conspirators attacking adelaid stevens i don't kn stephenson. that was even then the extreme and those outside the mainstream. here is the president of the united states practicing and speaking in the language of what richard hofsteter called the paranoid style. maybe we should all get a dollar for each time we see this is unprecedented. >> i think 1963 is a good time to go back to when talking about the fears of you have a president of the united states that is using the word treason which is punishable by death under the u.s. code and obviously there are fears of what that may lead some of his more unhinged followers to do. there are unhinged followers on both sides of the political
aisle. but there are people that have no guardrails. violence can happen. it's just like when he suggests a congressman must be stopped. i think that was in a tweet yesterday only a couple of months after an unhinged liberal shot the republican majority whip. >> i do think the cold war is the place to look at this. there was obviously oklahoma city. there was obviously a lot of violent language directed against president obama. but i think the last time you had this level of rhetoric, really, is the john birch world reacting against what was the american consensus at that time. and even then, to be clear, you
didn't have the president of the united states doing it. and so -- he was the target, john kennedy was the target. lyndon johnson was the target. so here we are again. >> and he didn't have his party in power protecting him. >> but that is the key point. john, he raised rofstetter's issue and the sense that everything is running away from you and that american virtues have ceased to exist therefore, you are at liberty to do a lot of things that would otherwise be prescribed. yet we're seeing this from the party in power. and this sort of paranoid power is lending credence from the offense office. we use the word unprecedented in a lot of ways that are part of this moment, but this feels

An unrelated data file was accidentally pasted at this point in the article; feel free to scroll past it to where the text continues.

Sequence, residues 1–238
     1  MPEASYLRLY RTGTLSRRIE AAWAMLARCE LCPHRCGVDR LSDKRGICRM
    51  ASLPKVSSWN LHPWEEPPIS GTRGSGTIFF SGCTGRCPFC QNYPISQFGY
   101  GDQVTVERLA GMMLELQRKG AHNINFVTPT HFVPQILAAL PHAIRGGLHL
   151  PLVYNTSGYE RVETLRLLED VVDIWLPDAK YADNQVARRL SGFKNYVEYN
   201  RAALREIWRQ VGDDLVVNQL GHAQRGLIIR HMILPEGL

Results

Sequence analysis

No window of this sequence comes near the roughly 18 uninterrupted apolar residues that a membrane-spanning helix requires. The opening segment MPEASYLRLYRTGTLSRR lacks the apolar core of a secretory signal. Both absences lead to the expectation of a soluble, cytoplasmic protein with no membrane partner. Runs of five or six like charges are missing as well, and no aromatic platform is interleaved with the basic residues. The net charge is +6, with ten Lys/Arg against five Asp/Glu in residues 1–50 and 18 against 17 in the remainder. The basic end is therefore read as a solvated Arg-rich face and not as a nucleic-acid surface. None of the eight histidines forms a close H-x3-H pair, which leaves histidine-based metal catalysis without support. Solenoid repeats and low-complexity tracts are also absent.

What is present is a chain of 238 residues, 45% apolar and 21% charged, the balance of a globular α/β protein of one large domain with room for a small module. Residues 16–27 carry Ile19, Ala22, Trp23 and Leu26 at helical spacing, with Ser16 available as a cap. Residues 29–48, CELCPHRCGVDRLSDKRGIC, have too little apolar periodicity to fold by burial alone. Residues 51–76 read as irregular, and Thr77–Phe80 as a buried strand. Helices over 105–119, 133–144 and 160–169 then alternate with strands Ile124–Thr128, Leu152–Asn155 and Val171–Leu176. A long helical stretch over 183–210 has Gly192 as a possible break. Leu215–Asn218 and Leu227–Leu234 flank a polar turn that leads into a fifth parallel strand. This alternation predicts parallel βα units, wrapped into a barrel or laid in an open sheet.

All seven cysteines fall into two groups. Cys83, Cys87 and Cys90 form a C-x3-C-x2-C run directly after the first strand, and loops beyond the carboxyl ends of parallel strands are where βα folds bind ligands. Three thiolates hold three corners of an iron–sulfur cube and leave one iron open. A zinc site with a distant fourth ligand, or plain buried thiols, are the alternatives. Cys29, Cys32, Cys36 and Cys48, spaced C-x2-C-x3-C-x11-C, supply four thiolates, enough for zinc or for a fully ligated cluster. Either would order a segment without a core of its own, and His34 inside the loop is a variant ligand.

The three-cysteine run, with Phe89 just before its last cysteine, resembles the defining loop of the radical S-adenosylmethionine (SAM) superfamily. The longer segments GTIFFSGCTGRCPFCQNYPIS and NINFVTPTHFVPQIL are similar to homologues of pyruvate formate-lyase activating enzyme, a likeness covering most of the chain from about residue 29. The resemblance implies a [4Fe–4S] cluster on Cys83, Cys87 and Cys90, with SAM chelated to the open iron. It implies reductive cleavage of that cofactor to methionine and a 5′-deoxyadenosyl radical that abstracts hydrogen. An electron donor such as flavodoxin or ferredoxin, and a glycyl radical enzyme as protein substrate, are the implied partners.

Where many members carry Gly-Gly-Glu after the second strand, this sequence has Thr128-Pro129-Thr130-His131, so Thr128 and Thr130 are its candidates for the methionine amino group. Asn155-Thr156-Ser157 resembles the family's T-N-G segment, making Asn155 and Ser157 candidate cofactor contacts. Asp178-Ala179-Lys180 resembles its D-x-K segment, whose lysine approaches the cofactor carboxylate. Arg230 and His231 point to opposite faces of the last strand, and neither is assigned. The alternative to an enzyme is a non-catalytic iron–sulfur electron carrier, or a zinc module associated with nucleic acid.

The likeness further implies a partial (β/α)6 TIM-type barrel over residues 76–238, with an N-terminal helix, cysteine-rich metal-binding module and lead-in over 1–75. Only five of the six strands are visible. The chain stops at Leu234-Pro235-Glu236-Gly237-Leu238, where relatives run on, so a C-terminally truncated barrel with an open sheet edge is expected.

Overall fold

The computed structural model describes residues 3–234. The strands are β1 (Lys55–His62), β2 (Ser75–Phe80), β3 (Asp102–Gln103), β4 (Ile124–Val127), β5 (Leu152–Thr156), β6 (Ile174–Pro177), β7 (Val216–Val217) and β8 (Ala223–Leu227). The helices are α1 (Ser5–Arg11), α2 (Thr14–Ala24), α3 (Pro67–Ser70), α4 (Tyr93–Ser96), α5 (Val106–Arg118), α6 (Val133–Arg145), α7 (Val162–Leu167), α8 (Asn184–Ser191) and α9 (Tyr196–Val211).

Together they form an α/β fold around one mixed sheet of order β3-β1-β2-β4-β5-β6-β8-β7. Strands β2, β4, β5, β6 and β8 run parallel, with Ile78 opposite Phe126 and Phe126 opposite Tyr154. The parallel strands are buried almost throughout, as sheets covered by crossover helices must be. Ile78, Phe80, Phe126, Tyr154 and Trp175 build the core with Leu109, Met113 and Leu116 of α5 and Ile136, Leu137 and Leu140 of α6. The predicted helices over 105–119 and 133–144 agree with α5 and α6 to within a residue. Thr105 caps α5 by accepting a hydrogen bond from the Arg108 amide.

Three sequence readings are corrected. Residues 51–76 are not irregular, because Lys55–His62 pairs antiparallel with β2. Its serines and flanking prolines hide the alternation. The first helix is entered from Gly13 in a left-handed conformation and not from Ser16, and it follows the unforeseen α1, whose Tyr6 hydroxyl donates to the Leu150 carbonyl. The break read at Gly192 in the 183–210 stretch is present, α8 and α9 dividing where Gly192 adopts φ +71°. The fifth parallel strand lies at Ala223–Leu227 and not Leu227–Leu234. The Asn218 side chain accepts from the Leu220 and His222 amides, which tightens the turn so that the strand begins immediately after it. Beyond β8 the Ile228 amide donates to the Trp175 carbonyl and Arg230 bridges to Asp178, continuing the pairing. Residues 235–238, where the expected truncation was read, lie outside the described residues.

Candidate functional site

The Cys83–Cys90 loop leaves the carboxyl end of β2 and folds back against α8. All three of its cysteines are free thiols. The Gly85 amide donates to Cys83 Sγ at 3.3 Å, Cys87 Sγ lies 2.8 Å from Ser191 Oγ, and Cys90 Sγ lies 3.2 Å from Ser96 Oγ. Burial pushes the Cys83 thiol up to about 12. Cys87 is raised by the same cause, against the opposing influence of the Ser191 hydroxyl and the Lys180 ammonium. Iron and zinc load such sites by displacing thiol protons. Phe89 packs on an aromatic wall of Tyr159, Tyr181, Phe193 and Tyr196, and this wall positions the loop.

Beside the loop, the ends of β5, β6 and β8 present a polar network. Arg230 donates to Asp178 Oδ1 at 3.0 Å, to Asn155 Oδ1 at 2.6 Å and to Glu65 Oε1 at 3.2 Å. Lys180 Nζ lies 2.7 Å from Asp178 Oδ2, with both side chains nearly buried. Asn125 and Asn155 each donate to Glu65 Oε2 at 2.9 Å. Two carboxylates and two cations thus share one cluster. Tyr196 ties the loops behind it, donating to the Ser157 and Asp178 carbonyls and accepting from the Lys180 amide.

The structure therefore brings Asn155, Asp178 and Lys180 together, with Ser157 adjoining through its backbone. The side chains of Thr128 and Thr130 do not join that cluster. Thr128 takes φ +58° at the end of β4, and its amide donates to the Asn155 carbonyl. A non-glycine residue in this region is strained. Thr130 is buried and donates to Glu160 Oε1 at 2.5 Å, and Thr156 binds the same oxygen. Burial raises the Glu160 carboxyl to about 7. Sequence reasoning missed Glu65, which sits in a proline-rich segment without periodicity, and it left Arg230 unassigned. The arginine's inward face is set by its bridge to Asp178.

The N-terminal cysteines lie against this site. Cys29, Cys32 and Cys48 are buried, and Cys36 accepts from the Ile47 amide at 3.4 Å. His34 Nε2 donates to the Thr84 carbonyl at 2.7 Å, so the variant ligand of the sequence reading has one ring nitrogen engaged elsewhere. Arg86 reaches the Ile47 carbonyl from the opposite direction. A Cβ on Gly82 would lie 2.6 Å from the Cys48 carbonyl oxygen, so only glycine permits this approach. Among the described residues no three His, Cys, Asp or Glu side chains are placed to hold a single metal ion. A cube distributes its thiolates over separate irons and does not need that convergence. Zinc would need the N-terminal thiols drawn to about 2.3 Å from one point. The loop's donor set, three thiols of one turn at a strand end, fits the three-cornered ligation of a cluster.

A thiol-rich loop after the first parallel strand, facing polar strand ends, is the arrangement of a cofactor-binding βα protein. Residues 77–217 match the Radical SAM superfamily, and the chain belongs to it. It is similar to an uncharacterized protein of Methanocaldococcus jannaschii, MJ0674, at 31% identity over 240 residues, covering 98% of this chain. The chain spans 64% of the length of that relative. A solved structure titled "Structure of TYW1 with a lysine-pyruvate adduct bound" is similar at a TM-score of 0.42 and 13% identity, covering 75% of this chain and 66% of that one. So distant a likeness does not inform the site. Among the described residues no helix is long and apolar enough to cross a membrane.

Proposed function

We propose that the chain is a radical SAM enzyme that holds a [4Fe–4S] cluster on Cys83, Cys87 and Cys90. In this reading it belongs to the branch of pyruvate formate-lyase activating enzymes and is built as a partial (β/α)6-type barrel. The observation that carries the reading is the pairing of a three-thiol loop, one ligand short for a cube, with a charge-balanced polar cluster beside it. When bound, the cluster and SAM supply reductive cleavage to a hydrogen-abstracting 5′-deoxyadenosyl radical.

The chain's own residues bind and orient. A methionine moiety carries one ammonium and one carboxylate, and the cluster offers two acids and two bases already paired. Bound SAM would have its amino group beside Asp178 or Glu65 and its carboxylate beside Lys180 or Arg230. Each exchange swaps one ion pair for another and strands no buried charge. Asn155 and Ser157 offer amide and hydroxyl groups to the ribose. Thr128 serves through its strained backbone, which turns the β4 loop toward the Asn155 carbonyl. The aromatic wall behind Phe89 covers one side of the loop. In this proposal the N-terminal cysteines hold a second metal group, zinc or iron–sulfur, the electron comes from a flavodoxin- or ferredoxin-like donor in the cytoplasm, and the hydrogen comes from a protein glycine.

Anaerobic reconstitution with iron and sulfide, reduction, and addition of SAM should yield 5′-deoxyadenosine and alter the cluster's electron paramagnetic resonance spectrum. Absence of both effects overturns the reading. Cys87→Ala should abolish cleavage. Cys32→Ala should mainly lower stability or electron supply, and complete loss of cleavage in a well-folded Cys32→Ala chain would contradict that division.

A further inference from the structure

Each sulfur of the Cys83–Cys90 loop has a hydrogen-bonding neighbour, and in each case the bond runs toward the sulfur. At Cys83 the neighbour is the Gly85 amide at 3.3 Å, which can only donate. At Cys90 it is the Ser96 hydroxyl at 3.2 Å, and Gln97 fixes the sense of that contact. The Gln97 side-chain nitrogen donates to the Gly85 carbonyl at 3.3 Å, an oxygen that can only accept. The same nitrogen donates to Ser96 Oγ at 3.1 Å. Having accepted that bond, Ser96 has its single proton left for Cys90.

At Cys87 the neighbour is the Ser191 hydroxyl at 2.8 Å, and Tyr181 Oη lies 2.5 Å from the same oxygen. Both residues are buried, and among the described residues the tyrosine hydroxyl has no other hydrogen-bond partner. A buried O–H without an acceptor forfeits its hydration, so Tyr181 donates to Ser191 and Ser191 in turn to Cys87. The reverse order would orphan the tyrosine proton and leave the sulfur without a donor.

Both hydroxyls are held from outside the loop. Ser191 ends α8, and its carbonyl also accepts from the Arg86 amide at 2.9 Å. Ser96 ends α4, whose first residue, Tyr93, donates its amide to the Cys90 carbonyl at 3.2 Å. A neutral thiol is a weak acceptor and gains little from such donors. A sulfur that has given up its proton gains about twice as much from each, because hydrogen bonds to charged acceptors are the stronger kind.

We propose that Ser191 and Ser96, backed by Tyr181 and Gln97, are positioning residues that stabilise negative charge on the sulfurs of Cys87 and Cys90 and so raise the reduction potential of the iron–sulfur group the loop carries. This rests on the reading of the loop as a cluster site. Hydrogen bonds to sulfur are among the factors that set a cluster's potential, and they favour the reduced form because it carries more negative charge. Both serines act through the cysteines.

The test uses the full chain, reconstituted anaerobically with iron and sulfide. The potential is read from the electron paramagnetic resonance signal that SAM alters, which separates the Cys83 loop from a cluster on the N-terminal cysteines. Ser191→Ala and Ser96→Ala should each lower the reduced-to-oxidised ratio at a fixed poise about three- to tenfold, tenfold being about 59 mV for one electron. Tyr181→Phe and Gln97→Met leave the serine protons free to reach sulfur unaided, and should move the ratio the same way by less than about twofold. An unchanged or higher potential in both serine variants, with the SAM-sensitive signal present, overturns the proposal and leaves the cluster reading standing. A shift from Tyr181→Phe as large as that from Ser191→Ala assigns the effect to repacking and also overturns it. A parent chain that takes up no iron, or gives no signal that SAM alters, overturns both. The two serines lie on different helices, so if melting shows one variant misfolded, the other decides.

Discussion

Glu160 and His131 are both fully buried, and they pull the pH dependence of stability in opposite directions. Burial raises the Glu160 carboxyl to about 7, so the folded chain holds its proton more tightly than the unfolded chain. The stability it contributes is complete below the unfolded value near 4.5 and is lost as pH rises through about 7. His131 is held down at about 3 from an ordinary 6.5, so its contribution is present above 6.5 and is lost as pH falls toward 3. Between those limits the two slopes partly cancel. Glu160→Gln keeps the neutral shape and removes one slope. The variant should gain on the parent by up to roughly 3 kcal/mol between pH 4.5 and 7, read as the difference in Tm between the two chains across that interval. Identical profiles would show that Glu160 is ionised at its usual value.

unprecedented, no? >> it is. and mika, get out your pen because it's going to be fen. >> got it. chufter arthur -- >> oh, lord. >> there is an even more relevant, i can, hfstetteressay. he used pseudo conservative and he argued that basically what was happeninged to the right in america was not classic conservativism, you don't undertake great movements. so basically, his argument was that the conservative tradition had been hijacked by a different kind of radical, people on the right who were as radical in their way as people on the far left. i think that's where we are.
harry truman once said -- and i'll leave you with harry truman -- that he always hoped the political parties would each have liberals and conservatives in them. because then you would just have, as you put it, two armed opposing camps and that's exactly what we have right now. coming up, new reporting that the president's lawyers are against him meeting with special counsel bob mueller. >> i don't get it. >> they would prefer he did not speak. they're like, mr. president -- >> they're insulting his intelligence. >> belief please, for the love of god, stop talking. >> do you think bob mueller sis that much -- >> why do his lawyers think bob mueller can outsmart him? >> but first, bill carin wes a check on the forecast. bill. >> are you ready for another winter storm inspect this looks to be a decent size one with an icy mess in the ohio valley. how about yesterday, do you see the pictures, interstate 44